Excerpts from a lengthy piece in Ahram on opposition parties’ discontent with the new Egyptian electoral system:
Most political forces in Egypt have sharply criticised a draft law aimed at establishing a new distribution of electoral districts, agreeing that it would make it difficult for citizens to vote and for candidates to organise election campaigns.
For both houses of the legislature–the Peoples Assembly and the Shura Council–the same basic system has been adopted. It is MMM, with two-seat districts in the nominal tier (referred to ” individual candidacy”) and districts of only 4-6 in the party-list tier.
In reaction, political forces, especially secular ones, cried foul that SCAF chose to impose its blueprint on political life. Essam Shiha, a famous lawyer and a Wafd Party activist, argued that “not only has SCAF kept the individual candidacy system, but its draft of the law made it highly difficult for candidates — especially those belonging to newly-formed parties — to compete in the elections.” “It makes the size of districts covered by the party-list system very large, thus making it difficult for candidates of a particular force to compete because they will be forced to extend their campaigns to cover very large areas and in different places with no geographical relationship between them,” argued Shiha, adding that “in North Cairo, for example, the four candidates of each competing party will be forced to campaign in an area including no fewer than five million citizens.”
Shiha also argued that “in a time of security vacuum, it will be highly dangerous to hold the elections of the People’s Assembly and Shura Council on the same day.” “It means that citizens will be exposed to two kinds of election campaigns for the first time on the same day, and they will be expected to elect a large number of deputies for two houses on one day,” said Shiha.
According to the new law, when voters go to the polling stations, they will be faced with two lists of candidates for the People’s Assembly and two for the Shura Council. The first list will include candidates running as individuals and the second those running on a party ticket. Diaa Rashwan, director of Al-Ahram Centre for Political and Strategic Studies, said that “the organisation of the elections of the People’s Assembly and Shura Council on the same day will make the voting process very complicated and cumbersome for citizens.”
The absence of consensus between the military and the parties bodes ill for the prospects for democracy in Egypt.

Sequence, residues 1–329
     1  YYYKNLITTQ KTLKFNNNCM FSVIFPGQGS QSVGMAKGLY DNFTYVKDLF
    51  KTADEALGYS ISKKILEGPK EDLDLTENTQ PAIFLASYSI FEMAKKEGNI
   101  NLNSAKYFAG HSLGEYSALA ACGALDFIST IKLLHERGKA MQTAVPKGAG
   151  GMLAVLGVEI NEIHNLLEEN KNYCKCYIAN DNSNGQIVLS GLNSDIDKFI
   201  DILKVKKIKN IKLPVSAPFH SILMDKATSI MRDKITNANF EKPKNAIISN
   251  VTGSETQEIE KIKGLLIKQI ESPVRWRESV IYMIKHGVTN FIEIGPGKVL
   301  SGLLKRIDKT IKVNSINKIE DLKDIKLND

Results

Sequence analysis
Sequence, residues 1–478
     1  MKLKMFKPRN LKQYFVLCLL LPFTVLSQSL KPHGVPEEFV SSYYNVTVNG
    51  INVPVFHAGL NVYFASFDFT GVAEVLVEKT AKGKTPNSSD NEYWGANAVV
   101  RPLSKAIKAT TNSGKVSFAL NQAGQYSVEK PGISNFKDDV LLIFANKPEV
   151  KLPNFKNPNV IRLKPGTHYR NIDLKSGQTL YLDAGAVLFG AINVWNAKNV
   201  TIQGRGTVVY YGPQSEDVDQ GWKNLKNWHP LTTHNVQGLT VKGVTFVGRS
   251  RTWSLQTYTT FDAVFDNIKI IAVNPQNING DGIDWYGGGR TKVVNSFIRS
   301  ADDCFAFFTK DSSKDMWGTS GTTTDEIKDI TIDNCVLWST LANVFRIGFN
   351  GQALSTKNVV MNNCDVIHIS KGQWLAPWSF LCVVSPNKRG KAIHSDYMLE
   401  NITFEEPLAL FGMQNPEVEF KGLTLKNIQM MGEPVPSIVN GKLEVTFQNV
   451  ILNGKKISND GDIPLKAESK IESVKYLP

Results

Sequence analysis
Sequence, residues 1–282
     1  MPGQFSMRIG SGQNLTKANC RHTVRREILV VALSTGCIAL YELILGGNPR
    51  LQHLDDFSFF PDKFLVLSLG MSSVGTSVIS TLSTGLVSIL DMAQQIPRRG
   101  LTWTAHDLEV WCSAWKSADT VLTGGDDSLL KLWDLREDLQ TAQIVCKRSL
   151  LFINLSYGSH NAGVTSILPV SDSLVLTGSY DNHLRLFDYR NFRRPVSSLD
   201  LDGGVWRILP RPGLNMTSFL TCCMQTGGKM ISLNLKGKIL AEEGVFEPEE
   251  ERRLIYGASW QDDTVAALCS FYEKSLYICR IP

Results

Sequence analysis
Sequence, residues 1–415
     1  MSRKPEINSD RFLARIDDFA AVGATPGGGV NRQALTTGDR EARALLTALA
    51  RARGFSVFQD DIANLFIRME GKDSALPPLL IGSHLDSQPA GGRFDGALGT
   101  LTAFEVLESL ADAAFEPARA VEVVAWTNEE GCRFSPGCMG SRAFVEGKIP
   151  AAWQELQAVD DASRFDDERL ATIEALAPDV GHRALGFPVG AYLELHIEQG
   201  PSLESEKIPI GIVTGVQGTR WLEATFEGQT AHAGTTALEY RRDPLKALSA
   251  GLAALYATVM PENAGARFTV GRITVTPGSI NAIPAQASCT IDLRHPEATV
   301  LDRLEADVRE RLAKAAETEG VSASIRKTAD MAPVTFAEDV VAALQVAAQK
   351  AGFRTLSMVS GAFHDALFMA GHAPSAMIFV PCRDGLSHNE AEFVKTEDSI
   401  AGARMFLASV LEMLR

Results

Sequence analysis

Max Fisher, in The Atlantic, writes about the dangers to Egypt’s (supposed) transition to democracy posed by the electoral system chosen for November’s election.
The system adopted seems to be along the lines of what we discussed here some months ago. A potentially highly majoritarian mixed-member system: a nominal tier with 2-seat districts, and a parallel list tier with an average magnitude of only around 4.
Fisher poses the concern that it could favor the least unpopular of Egypt’s many fledgling parties.
Update: It looks like Fonseca is winning. If confirmed, it will mean a legislature with a majority from one party and a president from another party. This may seem odd to Americans, but such a situation is quite rare around the world.
As Robert Elgie noted at his blog on 10 August, Jorge Carlos Fonseca, the candidate of the main opposition party, Movement for Democracy (MFD), won the plurality in the first round, with around 37%. Manuel Inocêncio Sousa, candidate of the ruling African Party for the Independence of Cape Verde (PAICV) won 33%. Aristides Lima, an independent breakaway from the PAICV, picked up around 25%.
Cape Verde has a history of very close presidential elections, as well as both an electoral system (variable-magnitude “PR”) and electoral cycle that have shown a pronounced bias for the PAICV in the past. (See my summary of the 2006 elections.) The country is among the relatively few to use a “counter-honeymoon” cycle whereby legislative elections regularly precede presidential by a short time period. The legislature was elected in February–a much longer gap between elections than in the past, but still counter-honeymoon–and the PAICV won a majority.
Egypt’s new electoral system will be a mixed-member system with a 50:50 split between its nominal and list tiers (Daily News Egypt, 20 July).
The district magnitude of the nominal tier will remain two, with 126 districts. The list tier will also be districted, with 58 constituencies. The average district magnitude of the list tier thus would work out to barely more than four.